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How to create Stripe's gradient banner with CSS Grid

Saturday, April 11th, 2020

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Stripe’s website is often used as an example of excellent web design, and you can see exactly why. I particularly like the background effect used within their banner, so I decided to figure out how to build it using CSS Grid.

Screenshot of Stripe's homepage

Banner from the homepage of stripe.com

Although (hopefully) it goes without saying, the design and colors used within this post are all borrowed and inspired by stripe.com.

Dissecting the Banner

The first thing you notice about the banner is that it is presented at an angle. This makes it difficult to investigate, so if you remove the transform: skew() style applied to the banner wrapper you get an idea of how it looks when straight:

Stripe's banner without transform: skew()

Initially, I assumed that this style was achieved by using a background image, but it turns out it is simply a collection of five <span> elements wrapped in a <div>.

Each <span> has a different background color and position to make up this neat gradient effect, which you can see demonstrated here:

Although Stripe uses absolute positioning to here (which is likely for better browser support), this is pretty straight forward to achieve with CSS Grid.

The Solution with CSS Grid

When building with CSS Grid, it helps to visualize the layout as a grid (which sounds obvious when you say it out loud). As you can see, the Stripe banner is a grid made up of 6 columns and 4 rows:

The Stripe banner with a grid overlay

The Stripe banner can be visualised with a 6 x 4 grid

Using the same markup as Stripe, we can start by defining our HTML:

html

<div id="stripes">
<span></span>
<span></span>
<span></span>
<span></span>
<span></span>
</div>

Let's start by applying some CSS to the wrapper element, which has a background gradient and a display property of grid with 6 columns and 4 rows. We also have to define an explicit height as we are not including any content within the banner that would traditionally give it a height.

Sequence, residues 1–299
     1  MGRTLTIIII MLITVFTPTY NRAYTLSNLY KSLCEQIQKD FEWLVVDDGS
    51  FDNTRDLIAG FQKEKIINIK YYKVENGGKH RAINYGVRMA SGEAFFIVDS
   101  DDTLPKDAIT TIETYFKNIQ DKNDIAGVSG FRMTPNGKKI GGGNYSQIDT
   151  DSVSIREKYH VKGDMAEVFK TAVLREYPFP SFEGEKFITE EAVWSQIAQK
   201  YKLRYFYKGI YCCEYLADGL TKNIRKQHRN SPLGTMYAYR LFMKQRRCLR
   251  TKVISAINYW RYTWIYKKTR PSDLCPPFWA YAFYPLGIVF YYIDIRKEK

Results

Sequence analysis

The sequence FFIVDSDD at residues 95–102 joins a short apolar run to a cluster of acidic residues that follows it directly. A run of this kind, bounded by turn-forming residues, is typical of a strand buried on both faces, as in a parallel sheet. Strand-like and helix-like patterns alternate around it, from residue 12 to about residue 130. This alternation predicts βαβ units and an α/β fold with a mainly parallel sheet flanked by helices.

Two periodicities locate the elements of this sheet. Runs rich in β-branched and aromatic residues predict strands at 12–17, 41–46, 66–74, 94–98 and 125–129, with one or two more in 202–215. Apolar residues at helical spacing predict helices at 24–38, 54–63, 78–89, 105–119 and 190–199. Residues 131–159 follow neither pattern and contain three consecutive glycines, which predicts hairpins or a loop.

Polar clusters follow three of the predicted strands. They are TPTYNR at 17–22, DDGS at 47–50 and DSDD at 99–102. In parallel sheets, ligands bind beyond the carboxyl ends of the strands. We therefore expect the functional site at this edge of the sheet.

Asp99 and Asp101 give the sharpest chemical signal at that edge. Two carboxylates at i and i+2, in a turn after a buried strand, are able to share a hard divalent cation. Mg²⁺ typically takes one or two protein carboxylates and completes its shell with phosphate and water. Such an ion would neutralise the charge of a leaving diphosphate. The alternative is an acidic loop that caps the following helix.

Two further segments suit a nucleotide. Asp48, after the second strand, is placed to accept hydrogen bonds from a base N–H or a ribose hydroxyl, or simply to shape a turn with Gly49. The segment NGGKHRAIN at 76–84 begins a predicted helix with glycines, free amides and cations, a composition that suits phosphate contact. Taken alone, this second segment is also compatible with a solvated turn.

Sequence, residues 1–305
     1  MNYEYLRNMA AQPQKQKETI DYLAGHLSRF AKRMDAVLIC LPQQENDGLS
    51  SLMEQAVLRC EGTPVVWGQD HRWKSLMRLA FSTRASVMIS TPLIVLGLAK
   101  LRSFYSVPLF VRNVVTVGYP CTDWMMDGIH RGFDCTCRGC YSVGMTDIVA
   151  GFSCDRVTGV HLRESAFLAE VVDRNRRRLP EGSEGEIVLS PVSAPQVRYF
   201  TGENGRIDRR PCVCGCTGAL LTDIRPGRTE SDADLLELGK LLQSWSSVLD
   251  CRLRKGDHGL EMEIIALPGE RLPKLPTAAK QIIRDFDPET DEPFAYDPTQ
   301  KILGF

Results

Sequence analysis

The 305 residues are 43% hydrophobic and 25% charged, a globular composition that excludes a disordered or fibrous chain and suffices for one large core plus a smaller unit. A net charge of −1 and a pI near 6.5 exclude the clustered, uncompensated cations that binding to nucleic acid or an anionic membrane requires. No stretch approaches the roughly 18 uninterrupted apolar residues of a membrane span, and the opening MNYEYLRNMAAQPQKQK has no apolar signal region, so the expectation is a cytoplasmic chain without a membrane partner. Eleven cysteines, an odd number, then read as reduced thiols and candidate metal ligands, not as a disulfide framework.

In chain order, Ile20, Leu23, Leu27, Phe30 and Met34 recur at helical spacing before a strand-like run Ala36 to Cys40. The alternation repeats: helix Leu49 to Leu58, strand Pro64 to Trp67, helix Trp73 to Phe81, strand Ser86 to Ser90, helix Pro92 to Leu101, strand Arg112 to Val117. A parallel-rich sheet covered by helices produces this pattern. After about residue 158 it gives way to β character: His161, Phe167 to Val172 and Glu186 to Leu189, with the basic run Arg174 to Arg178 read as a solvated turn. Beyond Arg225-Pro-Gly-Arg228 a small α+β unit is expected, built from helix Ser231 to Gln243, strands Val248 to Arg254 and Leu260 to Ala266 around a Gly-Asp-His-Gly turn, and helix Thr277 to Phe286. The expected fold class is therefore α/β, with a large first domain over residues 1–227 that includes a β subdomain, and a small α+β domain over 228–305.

css

:root {
--background: linear-gradient(150deg, #53f 15%, #05d5ff 70%, #a6ffcb 94%);
--first: #53f;
--second: #4553ff;
--third: #4f40ff;
--fourth: #25ddf5;
--fifth: #1fa2ff;
}
#stripes {
width: 100%;
height: 35vw;
background: var(--background);
display: grid;
grid-template-columns: repeat(6, 1fr);
grid-template-rows: repeat(4, 1fr);
}

What is that funky syntax at the start of our CSS?

Styling the blocks

After styling the wrapper of our banner, this is the base that we have to work with:

"Gradient background without any overlaying blocks"

We now need to style the individual <span> elements that make up the effect. To do this we are going to use the nth-child() pseudo selector to avoid having to apply unnecessary class names.

Let’s start by styling our first “block”, which occupies one column in the first row of our grid:

css

#stripes span:nth-child(1) {
grid-column: span 1;
background: var(--first);
}

By using the grid-column property we can dictate where this element sits within the grid. By default, the first element starts at column 1 in the first row, so we simply have to specify how many columns this <span> should cover by using the span syntax.

As this block should occupy 1 out of 6 of our grid columns, we can use the value span 1. You will also notice that we are referencing a CSS variable that we defined earlier.

We now have our first block in the top left corner of our banner, but it is difficult to see without any companion blocks. So, let's style the second block, which should occupy 2 columns from its current position:

css

#stripes span:nth-child(2) {
grid-column: span 2;
background: var(--second);
}

We can now start to see our banner coming together:

Banner with first 2 blocks styled

Two blocks in place, although It doesn't look like much yet...

The final block within the first row of our grid also occupies 2 columns, but has a different background color:

css

#stripes span:nth-child(3) {
grid-column: span 2;
background: var(--third);
}

We have now styled all three blocks within the first grid row

You may have noticed that there are no blocks in the second row of the grid. Therefore, we can specify that the fourth <span> sits within the third row by using the grid-row property.

This block also sits within the last column of our grid:

css

#stripes span:nth-child(4) {
grid-column: 6;
grid-row: 3;
background: var(--fourth);
}

Our fourth block lives in the last column of the third row

Finally, we can add the fifth block to the first two columns of the 4th row:

css

#stripes span:nth-child(5) {
grid-column: span 2;
grid-row: 4;
background: var(--fifth);
}

The final block occupies 2 columns in the last row

"Skewing" the banner

Now that we have our 5 <span> elements styled correctly, we need to apply a transform to position the banner at an angle.

This can be achieved by applying a skew transform value to our wrapper element. To do this, simply return to your initial CSS for #stripes and add a transform and transform-origin as specified here:

css

#stripes {
width: 100%;
height: 35vw;
background: var(--background);
display: grid;
grid-template-columns: repeat(6, 1fr);
grid-template-rows: repeat(4, 1fr);
transform: skewY(-12deg);
transform-origin: 0;
}

We are rotating our banner on the Y axis by -12 degrees and specifying that the transform applies to the top left of our banner (remove the transform-origin to see the default behavior!).

Ta-da! We now have a replica of the gradient banner used on Stripe's homepage built with CSS Grid.

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You are reading the personal blog of Luke Brown, a freelance website designer and developer.